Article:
The prime minister, leading the daily coronavirus press conference in Downing Street for the first time in five weeks following his own COVID-19 ordeal, said on Thursday that face coverings could be “useful” and also “give people confidence”.
It comes after the Scottish government set out a recommendation on Tuesday for people to wear face coverings while food shopping and using public transport.
Johnson said: “What I think SAGE [the Scientific Advisory Group for Emergencies] is saying, and what I certainly agree with, is that as part of coming out of the lockdown, I do think that face coverings will be useful both for epidemiological reasons but also for giving people confidence they can go back to work.
“But you’ll be hearing more about that thing next week.”
The PM has said he will set out a “comprehensive plan next week” detailing how the UK will start to come out of the lockdown, focusing on the economy, schools and travelling to work.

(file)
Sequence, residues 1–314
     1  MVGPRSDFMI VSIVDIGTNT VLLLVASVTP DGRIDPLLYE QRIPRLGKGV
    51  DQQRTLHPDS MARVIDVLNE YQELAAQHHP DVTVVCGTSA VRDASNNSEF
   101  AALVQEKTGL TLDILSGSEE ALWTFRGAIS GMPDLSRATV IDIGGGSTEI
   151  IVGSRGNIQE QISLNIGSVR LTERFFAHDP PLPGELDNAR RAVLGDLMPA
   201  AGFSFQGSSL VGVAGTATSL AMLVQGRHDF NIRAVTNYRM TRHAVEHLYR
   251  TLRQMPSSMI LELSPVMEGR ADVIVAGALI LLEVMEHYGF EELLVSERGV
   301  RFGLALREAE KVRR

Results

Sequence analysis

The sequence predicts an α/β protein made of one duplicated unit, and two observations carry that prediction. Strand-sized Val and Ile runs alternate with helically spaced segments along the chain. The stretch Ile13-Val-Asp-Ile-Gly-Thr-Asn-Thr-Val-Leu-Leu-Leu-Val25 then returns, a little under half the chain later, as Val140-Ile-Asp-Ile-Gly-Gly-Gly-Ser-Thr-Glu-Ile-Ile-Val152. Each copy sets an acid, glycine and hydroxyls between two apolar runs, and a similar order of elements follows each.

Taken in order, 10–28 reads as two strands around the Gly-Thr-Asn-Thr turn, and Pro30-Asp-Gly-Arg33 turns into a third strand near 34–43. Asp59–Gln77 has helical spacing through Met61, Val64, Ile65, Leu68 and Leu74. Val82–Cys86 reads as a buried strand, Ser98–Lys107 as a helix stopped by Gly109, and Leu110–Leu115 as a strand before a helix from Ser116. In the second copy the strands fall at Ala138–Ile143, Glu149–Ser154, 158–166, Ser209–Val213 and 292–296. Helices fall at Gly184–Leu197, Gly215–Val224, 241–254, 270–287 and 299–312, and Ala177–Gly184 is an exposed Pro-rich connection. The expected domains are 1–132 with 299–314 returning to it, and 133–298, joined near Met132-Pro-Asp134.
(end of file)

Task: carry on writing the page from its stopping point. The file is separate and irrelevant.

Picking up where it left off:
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The lockdown will last until Thursday next week at the earliest, at which point it will be reviewed by the government.
Before Johnson’s remarks on Thursday, the UK government had long resisted calls to recommend wearing face coverings.
In its announcement on Tuesday, the Scottish government admitted evidence about face coverings’ effectiveness in preventing coronavirus transmission remains “limited” but that “there may be some benefit” in wearing them.
Scotland defined a face covering as cloth or textiles covering the mouth and nose through which a person can breathe, for example a scarf.
Meanwhile, Johnson has said the UK is “past the peak” of the COVID-19 outbreak, with the transmission rate “on the downward slope”.
However, the PM also announced a further 674 patients had died in hospitals, care homes and the wider community, taking the UK’s death toll to 26,711. This is the third highest in the world.